# Visual Composition in a Nutshell

## Composition for Drawing, Painting and Photography

You really want to take into consideration some basic principles of composition to take your visual expression to the next level. By practicing good composition, eventually it will become a habit and you’ll do it instinctively without wasting any time or energy. Isn’t that cool?

As most skills, it may take more time at first, but you’ll get much faster with practice. If you have the rest of your visual skills polished, composition will be very easy to learn and you’ll quickly feel confident to use these principles in your work. Let’s start.

# The Rule of Thirds in Composition

A widely used principle, most often used in photography composition is the rule of thirds. The picture is divided in three equal sections both vertically and horizontally. The lines that are separating the sections can be used as guidelines. For example, in landscape photography it is good practice to have the horizon match one of the guidelines.

### How it’s Used

Imagine or draw on your canvas a 3×3 grid, where the divisions are equally spaced from each other and the edges of the canvas.

Take a look, and study the characteristic examples shown below.

The rule of thirds works best on rectangular canvases, where the height and width of the image are different from each other. In such cases, like in the example (a) you can use the vertical lines or the intersection points to determine a good subject placement in the frame. The intersection points are even more accurate, and should give you the approximate position of the most interesting, or important element of the picture, sometimes referred to as the “focal point”.

A square canvas, as in example (b) is somewhat an exception and often central positioning may work best, making use of the already present symmetry and balance.

# Common Use-Cases for the Rule of Thirds

- Placement of horizon for landscapes
- Placement of a person or a portrait
- Using one of the intersections for a special point of interest

# The Holy Grail of Composition – The Golden Ratio

For anyone at least semi enthusiast about visual arts, the introduction to “The Golden Ratio” is mandatory. Why, because it has been so heavily used by designers and architects throughout the centuries, and it even has some firm foundations in Mathematics. Anyway, it’s a very curious topic that deserves at least some basic introduction.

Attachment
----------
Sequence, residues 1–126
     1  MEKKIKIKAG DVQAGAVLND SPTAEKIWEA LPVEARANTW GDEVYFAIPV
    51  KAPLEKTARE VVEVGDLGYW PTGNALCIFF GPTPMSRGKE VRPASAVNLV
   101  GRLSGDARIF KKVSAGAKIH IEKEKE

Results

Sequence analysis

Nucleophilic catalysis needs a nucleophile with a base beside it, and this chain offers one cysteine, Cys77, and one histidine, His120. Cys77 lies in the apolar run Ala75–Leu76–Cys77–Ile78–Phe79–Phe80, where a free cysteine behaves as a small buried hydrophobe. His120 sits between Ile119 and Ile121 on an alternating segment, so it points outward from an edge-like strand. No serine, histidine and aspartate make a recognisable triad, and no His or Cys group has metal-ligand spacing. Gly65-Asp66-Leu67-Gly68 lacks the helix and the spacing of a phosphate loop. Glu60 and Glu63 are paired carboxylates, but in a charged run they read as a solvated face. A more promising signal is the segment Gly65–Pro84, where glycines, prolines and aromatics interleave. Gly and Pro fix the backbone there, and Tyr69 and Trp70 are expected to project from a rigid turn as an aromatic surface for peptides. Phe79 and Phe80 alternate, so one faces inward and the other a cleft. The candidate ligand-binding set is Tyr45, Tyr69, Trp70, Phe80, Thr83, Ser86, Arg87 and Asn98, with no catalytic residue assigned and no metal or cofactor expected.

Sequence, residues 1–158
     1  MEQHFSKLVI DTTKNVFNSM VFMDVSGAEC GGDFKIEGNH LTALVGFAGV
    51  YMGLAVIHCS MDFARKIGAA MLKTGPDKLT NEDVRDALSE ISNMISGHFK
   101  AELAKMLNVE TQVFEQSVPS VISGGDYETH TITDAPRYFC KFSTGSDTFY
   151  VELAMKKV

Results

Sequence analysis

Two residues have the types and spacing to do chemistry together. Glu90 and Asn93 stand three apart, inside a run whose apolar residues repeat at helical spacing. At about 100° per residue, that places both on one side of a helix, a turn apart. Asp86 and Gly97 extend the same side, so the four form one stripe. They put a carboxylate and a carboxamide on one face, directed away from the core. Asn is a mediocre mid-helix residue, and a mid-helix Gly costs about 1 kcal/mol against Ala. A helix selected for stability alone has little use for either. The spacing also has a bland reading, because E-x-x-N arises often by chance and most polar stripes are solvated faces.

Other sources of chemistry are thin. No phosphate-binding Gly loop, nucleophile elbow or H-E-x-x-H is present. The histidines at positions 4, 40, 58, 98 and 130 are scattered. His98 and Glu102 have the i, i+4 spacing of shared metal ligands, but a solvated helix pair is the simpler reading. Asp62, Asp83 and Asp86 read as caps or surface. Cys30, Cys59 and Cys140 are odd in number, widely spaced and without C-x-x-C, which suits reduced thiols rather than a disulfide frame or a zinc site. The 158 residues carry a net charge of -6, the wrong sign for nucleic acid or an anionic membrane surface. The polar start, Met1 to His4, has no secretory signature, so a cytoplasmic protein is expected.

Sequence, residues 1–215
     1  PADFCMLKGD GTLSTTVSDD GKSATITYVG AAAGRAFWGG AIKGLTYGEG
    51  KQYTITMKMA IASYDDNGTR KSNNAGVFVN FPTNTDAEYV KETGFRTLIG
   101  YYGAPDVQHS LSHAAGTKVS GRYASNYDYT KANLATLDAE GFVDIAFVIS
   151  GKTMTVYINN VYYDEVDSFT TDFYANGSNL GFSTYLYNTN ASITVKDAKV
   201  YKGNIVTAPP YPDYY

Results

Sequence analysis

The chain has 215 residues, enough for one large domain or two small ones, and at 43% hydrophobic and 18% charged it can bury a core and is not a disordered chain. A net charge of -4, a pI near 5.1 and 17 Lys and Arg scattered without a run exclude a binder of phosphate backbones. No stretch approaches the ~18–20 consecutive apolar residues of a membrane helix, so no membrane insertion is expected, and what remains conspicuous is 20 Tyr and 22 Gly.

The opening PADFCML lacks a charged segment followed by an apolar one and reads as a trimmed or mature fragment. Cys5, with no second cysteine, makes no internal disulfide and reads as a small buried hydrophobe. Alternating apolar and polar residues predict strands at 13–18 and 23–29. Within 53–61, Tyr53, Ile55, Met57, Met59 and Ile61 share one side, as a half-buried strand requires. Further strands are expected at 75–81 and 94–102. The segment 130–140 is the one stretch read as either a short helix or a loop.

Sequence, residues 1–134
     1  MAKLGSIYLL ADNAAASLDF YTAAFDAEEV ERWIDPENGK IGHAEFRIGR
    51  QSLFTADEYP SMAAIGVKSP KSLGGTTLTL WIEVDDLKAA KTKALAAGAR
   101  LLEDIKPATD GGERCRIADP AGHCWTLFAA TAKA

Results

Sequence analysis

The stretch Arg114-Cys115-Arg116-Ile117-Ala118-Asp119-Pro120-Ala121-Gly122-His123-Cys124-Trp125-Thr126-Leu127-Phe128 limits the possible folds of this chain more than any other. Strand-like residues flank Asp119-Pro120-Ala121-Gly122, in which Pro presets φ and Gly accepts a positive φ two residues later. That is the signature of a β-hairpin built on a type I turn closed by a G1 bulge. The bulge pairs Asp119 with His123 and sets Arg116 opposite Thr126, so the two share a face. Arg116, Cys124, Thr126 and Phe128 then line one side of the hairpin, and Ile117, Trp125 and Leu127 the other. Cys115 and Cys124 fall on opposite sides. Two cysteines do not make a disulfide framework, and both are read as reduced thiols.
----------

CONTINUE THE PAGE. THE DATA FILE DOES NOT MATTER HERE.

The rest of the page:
### Historical Background

The Golden Ratio, or proportion is based on the Fibonacci sequence. It’s a mathematical sequence, based on a simple rule which roughly goes something like “every next number in the sequence is equal to the sum of the previous two numbers that appeared in the sequence”.

It looks like this

0,1,1,2,3,5,8,13,21,34…

The curious thing is that the proportion between any two consequence numbers is always the same, and it’s roughly **1.618** … it’s really an amazing concept, and many people in history have been deeply intrigued by the pattern. Some even say it’s the blueprint of God. Leonardo Da Vinci was especially interested, and studied this ratio and the nature of proportions. It’s very interesting that so many patterns, including the metrics of the human body, flower, fractals and almost anything in nature, has some sort of “Golden Ratio” proportion that can be observed. If you are interested in this kind of mysterious, Dan Brown kind of stuff, I encourage you to watch this video and do more research on this concept, but for the most part, in this article we’ll continue to discuss and learn some practical ways that you can use this knowledge to improve your composition skills.

The golden rule has been used in architecture by the Ancient Greeks to design the Parthenon and by Tweeter, to design the layout.

### Cropping Images according to the Golden Ratio

If you choose the height and width of your canvas according to the Fibonacci sequence, you are already making use of the ratio. For example a 3×5 ratio is a canvas size that is making use of the golden ratio. Whatever the size, if you longer side divided by the shorter side of the canvas approximates about 1.6 – you’ve got it. If you check many commercial products and canvas sizes, and you will be surprised that many of them are actually respecting this rule.

### Placement of Points of Interest Using the Golden Ratio

Inside the picture itself, the golden ratio can be applied again and again, sectioning the canvas in ever smaller bits that are always according to the Fibonacci sequence. If applied in a very regular order, it forms a theoretically endless spiral.

### Proportions that Match the Golden Ratio

There are some rulers, computer graphic templates and even some of the visual editing softwares can aid you in quickly determining the size or position of a new object in your composition. Also, after more extensive use of the ratio, you will start to develop an intuitive sense for distance and placement, that will roughly match the ration, and that’s totally fine in many cases.

### Other Visual Aspects Where You Can Apply the Golden Ratio, and “Advanced” Stuff

Proportions are not only limited to length and position. Any metric with a value can be base for applying the golden ratio. Although this may be considered as somewhat advanced and often a complicated thing to do. Most people restrict the use of the golden ratio to cases where they need to determine a position or length of some element in the picture.

The ratio can be applied to the tonal values for example, if you know your scale of values this is not so hard to do. Another use is to develop better reference for color choices.

In film making the ratio has been reportedly used to determine key points for the plot.